An assuring smile. A fleeting frown. A playful wink. A friendly pat on the back. These are examples of nonverbal expressions that often occur without conscious awareness, without premeditated thought, and yet they can function better than words to communicate meaning between people. On the flip side, they can also pack more nuance and controversy than the words we say.
My research hones in on how nonverbal expressions, specifically the under-explored areas of eye contact and touch, can translate across different cultures. Are they interpreted the same universally, or are they culture-specific? Nowhere are these exchanges more high-stakes than in the interaction between a doctor and patient. The Empathy and Relational Science program I work with at Massachusetts General Hospital has done extensive research into the neurobiology and physiology of empathy, and how they can be leveraged to improve relationships with patients.
My research hones in on how nonverbial expressions, specifically the under-explored areas of eye contact and touch, can translate across different cultures.
We are conducting a literature review that has combed through scores of databases for papers with keywords ‘empathy’, ‘culture’, ‘eye contact’ or ‘touch’, with the plan of submitting a critical review of the research conducted up to date. Here is a snapshot of our findings so far:
- American psychologist Paul Ekman has found that facial expressions, even though they seem to be learned and reinforced through social interactions, are actually universal. When he showed pictures of Americans showing a range of facial expressions to people Japan, Chile, Argentina, and even isolated communities in Papua New Guinea, his subjects arrived at remarkably similar conclusions. Interpreting facial expressions, however, becomes more complicated in social settings. Ekman found that Japanese and Americans showed the same facial expressions while watching a gory video, but when seated beside a scientist, Japanese participants were more likely than Americans to conceal their negative emotions with a smile. The principle underlying this is known as display rules, which posits that management of expressions in public settings is socially learned and depends on local culture.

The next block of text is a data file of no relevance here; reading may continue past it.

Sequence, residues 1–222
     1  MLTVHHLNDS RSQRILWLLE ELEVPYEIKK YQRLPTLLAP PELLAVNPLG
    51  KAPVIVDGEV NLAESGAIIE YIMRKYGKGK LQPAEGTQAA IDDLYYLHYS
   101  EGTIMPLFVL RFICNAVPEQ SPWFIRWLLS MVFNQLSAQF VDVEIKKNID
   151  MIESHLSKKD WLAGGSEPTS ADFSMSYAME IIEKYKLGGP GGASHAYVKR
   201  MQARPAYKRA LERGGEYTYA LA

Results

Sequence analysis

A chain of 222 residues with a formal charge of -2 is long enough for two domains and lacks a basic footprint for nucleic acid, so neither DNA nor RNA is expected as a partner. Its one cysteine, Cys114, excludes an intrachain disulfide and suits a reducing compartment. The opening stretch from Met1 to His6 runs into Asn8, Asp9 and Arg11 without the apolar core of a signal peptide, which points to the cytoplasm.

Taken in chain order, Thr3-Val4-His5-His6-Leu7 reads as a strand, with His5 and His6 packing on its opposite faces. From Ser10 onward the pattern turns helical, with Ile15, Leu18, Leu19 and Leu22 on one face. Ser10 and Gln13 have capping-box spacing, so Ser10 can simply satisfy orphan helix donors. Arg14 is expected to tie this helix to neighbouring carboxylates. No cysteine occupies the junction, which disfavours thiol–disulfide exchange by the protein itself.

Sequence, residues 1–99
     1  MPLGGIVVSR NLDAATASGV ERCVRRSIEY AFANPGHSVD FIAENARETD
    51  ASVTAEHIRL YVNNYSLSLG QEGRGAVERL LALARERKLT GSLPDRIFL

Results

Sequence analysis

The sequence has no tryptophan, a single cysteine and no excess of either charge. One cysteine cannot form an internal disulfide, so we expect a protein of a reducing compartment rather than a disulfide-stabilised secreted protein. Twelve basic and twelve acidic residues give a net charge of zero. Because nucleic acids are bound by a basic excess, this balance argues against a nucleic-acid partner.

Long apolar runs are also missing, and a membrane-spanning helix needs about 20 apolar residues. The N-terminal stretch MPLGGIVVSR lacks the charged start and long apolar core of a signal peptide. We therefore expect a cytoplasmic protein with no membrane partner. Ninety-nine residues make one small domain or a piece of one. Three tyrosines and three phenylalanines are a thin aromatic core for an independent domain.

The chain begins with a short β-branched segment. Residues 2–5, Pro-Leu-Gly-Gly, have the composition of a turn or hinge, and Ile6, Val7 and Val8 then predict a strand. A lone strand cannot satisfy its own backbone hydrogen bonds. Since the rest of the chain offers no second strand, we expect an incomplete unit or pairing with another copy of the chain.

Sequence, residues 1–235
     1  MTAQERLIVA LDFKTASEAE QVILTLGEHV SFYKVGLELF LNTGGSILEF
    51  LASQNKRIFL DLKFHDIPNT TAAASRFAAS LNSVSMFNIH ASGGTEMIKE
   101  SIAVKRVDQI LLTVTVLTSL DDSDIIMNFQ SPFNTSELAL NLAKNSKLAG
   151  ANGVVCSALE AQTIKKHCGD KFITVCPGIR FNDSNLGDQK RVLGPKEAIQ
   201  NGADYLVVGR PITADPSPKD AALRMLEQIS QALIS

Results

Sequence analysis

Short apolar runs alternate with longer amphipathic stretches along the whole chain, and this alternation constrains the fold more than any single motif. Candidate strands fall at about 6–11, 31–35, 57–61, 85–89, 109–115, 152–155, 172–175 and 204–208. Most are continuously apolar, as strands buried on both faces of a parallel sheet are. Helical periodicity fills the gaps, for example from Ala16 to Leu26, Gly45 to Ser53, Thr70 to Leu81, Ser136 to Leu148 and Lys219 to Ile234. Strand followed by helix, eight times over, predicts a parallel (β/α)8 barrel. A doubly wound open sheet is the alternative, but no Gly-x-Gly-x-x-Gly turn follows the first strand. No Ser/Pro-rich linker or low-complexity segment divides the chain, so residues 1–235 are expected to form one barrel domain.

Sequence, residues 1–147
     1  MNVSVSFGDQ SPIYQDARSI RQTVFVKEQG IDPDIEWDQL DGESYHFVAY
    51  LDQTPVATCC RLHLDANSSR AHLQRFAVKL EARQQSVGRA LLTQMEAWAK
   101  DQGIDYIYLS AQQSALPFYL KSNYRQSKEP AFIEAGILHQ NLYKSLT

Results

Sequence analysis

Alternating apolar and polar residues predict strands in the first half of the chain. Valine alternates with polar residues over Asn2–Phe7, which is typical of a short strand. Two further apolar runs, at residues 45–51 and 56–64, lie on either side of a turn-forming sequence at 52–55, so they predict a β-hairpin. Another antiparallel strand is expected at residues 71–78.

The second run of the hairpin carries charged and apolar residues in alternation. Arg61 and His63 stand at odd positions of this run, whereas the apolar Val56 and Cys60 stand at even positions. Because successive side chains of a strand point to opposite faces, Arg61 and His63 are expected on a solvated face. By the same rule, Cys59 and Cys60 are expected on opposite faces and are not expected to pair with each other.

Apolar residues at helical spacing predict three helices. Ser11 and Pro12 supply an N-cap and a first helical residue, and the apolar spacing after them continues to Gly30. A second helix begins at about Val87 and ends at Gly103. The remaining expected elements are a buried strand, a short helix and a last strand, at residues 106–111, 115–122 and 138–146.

- Many nonverbal expressions may be deeply ingrained in our biology. Children who are born blind can smile, laugh, and clap their hands for joy, even though they’ve never seen anyone else expressing joy. This raises the question: are eye contact and touch also universal, or are they governed by ‘display rules,’ which can change depending on social setting and culture?
- A series of research studies have looked into how strangers are able to communicate universal emotions (ie. anger, fear, disgust, love, gratitude, sympathy) and prosocial emotions (happiness, sadness, surprise) through touch alone. In an experiment where the toucher was instructed only to touch the subject’s arm, participants successfully communicated universal emotions. When not restricted to the arm alone, both universal and prosocial emotions were effectively communicated.
- In clinical settings, there are generally two types of touch: diagnostic and therapeutic. While diagnostic touch serves a clinical purpose, such as placing the stethoscope on a patient’s chest, therapeutic touch can be a handshake or a pat on the back. In a preliminary study, researchers found that therapeutic touch was positively correlated with how connected patients felt with their clinicians. However, the frequency of therapeutic touch per consultation only increased ratings to a certain point. Further research could pinpoint exactly how much touch would make for the ideal doctor-patient relationship.
Upon completion of the review, we plan to test some hypotheses ourselves on the cross-cultural perception of empathy through nonverbal expressions, which would contribute to an understudied area that remains crucial to the patient experience.
Linda Zhang is a Brevia staff writer. She can be reached at firstname.lastname@example.org.